> // During a glitch, the ceramic case tends to explode and throw
> schrapnel around one's abode.
Wow! Is that ever a true statement.
However, this result is from selecting a resistor not robust enough
for the job in the first place.
Most commercial (MRI, etc.) amps I have seen use a 100 watt power
resistor mounted on the power supply chassis, as Ian suggests. It is
always mounted on insulators. The ones with the slick brown shiny
enamel are best. The 100 watts is not for power handling. It is to provide
a lossy path for HV arcs between turns. This is a poor man's HV resistor.
In applications where the power supply is on the RF deck chassis, and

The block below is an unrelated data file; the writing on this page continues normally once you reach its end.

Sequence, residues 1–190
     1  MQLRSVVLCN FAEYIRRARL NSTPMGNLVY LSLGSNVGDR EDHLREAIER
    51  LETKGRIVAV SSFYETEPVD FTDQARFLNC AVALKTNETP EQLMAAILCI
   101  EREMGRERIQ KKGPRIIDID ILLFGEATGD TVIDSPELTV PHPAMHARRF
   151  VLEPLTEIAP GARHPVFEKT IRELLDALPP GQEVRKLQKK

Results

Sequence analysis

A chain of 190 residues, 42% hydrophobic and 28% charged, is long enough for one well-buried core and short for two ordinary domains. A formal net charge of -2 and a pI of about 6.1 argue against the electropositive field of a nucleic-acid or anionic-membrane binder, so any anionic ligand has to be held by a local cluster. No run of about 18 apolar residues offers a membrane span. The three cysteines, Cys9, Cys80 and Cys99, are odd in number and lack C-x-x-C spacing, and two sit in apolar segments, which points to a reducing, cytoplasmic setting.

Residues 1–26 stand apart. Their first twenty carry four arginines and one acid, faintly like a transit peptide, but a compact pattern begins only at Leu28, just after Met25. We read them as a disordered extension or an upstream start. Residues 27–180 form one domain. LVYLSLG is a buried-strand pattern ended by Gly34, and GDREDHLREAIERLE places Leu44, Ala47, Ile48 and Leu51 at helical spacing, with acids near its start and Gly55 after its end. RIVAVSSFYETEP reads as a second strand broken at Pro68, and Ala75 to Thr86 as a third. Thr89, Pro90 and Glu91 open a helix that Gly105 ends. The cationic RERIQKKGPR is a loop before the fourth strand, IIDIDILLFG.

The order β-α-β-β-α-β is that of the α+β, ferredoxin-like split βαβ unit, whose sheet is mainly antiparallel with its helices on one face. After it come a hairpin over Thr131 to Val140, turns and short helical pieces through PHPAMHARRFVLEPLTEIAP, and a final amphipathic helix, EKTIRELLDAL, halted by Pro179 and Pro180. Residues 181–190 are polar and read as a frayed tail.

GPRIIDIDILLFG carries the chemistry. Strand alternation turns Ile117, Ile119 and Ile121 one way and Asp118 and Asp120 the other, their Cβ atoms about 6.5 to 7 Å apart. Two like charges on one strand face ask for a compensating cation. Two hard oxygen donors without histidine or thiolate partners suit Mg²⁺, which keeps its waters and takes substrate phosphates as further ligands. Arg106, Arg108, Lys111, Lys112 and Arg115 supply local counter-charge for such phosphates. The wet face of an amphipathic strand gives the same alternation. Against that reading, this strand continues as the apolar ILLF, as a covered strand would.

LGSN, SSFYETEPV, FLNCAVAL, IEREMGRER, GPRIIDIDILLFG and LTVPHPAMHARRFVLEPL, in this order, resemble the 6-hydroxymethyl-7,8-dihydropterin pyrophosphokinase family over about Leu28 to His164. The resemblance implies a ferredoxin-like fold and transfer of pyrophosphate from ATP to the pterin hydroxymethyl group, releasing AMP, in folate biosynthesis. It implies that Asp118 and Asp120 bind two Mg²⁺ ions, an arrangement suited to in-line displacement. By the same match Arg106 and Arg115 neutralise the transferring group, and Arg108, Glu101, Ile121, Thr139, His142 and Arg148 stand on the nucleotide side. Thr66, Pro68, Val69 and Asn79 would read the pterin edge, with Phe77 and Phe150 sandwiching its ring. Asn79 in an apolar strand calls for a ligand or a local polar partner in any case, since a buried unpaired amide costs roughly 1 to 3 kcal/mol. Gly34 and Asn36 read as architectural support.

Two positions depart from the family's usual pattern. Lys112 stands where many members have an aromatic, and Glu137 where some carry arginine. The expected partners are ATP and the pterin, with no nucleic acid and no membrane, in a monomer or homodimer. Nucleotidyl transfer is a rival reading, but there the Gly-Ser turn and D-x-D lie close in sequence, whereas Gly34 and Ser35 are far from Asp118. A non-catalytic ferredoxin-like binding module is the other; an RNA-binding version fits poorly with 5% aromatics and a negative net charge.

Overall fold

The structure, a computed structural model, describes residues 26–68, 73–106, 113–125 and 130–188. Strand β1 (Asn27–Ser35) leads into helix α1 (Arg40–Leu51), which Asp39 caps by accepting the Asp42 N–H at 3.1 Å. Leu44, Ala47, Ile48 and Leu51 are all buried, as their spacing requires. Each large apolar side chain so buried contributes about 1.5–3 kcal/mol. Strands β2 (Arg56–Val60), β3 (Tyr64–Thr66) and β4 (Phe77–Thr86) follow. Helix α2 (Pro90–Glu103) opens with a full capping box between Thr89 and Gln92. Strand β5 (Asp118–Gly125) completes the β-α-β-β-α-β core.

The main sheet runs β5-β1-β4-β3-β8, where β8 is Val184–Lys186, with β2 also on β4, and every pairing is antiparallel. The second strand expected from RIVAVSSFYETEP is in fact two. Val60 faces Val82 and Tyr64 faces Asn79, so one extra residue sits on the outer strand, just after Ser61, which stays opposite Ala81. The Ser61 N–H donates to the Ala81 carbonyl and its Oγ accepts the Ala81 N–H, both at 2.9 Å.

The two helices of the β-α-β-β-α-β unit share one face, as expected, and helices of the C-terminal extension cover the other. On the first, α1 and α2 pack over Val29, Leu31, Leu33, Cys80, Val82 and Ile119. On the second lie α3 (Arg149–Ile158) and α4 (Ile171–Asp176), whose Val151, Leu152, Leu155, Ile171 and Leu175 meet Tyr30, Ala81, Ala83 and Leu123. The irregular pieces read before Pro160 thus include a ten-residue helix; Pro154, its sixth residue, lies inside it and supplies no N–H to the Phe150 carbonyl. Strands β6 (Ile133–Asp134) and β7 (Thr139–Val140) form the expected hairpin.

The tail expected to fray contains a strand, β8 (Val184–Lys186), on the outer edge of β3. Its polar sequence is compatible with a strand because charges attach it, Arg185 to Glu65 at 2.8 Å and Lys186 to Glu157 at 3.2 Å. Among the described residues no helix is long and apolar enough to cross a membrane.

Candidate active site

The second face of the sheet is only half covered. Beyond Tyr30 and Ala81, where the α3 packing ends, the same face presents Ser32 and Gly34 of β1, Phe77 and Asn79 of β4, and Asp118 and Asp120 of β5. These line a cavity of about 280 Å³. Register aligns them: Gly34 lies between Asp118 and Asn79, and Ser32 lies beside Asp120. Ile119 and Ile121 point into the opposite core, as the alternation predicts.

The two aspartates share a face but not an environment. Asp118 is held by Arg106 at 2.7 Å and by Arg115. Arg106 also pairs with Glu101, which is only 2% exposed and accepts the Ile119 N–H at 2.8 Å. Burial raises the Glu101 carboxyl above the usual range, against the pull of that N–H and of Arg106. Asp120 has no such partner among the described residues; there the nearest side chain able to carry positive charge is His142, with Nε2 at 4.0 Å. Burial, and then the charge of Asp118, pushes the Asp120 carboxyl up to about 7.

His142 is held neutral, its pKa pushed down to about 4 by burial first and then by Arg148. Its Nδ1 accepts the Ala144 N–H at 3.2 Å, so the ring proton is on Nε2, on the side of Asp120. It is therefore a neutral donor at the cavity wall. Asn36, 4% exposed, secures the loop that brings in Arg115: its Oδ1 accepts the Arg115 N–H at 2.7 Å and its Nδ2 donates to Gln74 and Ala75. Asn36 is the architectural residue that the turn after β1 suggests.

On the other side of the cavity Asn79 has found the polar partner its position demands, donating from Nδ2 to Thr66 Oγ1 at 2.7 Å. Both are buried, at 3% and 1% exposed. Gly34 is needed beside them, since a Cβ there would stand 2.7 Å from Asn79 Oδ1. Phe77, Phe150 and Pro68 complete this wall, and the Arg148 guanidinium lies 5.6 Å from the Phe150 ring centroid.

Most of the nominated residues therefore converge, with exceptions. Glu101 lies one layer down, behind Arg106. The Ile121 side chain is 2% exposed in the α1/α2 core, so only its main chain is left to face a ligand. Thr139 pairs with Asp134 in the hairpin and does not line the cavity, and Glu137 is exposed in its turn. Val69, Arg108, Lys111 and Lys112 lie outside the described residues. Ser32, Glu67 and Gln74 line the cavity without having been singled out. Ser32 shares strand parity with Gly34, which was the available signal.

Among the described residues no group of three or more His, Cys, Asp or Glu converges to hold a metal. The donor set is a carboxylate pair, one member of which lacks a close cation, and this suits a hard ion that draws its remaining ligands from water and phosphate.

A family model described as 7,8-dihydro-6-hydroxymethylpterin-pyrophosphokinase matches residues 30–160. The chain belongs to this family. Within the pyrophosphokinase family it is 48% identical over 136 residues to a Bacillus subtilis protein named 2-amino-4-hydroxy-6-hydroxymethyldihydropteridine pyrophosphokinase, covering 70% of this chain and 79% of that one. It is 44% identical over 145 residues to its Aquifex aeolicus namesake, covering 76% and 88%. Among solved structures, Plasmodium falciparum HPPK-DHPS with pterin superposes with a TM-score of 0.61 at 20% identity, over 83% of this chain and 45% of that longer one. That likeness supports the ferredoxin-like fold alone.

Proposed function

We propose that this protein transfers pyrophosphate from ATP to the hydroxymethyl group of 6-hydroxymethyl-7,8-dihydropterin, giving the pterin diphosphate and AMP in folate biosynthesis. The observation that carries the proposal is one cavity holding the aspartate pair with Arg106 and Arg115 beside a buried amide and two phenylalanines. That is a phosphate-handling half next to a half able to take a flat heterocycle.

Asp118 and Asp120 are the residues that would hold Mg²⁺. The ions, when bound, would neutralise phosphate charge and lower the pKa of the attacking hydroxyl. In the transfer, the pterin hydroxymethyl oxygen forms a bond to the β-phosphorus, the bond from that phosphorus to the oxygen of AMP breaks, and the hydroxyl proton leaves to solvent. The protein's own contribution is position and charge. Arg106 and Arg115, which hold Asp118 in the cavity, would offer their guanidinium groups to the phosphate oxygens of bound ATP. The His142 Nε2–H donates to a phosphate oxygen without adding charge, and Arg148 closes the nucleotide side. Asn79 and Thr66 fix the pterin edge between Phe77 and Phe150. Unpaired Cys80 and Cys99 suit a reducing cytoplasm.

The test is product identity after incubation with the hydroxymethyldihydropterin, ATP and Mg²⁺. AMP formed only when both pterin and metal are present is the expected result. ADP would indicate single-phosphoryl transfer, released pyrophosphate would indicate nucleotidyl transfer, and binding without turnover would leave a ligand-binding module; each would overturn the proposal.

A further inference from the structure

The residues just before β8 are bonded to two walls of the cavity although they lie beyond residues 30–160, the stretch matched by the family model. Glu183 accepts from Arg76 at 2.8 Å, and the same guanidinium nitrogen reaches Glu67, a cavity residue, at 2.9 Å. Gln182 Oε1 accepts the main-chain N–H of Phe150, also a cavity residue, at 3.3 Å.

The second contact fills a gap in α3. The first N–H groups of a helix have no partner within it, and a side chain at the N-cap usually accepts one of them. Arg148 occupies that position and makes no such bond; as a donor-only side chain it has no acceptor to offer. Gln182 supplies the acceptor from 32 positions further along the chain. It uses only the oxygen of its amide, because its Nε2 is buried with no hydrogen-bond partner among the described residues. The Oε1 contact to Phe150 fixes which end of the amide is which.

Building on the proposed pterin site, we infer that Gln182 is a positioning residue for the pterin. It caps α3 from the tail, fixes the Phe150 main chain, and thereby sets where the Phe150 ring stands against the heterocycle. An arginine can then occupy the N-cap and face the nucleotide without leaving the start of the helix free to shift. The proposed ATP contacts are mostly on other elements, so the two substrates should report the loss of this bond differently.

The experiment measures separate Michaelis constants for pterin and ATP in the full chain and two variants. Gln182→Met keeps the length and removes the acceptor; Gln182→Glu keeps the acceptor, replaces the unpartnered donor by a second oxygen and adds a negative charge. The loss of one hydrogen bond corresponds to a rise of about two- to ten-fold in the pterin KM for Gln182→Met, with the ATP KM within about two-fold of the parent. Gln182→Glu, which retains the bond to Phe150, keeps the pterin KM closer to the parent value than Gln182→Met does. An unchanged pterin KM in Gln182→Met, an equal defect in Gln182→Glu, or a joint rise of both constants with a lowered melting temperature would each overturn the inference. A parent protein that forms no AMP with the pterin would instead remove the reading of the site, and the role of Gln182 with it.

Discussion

space becomes a problem, one must bite the bullet and spring for a
real HV resistor. The value of the resistor depends upon several things.
It must limit current until the primary fuses/breakers do their thing and not
self destruct in the process. Usually 10-50 ohms is what one ends up with.
Eimac has a tech sheet with complete details on how to design and test
such a device.
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